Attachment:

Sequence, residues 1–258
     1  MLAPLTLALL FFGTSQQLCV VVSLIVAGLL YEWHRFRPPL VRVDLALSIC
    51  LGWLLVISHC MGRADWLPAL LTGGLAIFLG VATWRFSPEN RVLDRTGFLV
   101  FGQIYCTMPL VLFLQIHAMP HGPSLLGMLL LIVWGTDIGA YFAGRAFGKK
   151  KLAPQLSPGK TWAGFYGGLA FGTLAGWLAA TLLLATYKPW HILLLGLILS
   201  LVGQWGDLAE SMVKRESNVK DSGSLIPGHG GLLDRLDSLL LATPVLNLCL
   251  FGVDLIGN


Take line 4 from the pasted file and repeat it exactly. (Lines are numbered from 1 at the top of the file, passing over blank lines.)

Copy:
   101  FGQIYCTMPL VLFLQIHAMP HGPSLLGMLL LIVWGTDIGA YFAGRAFGKK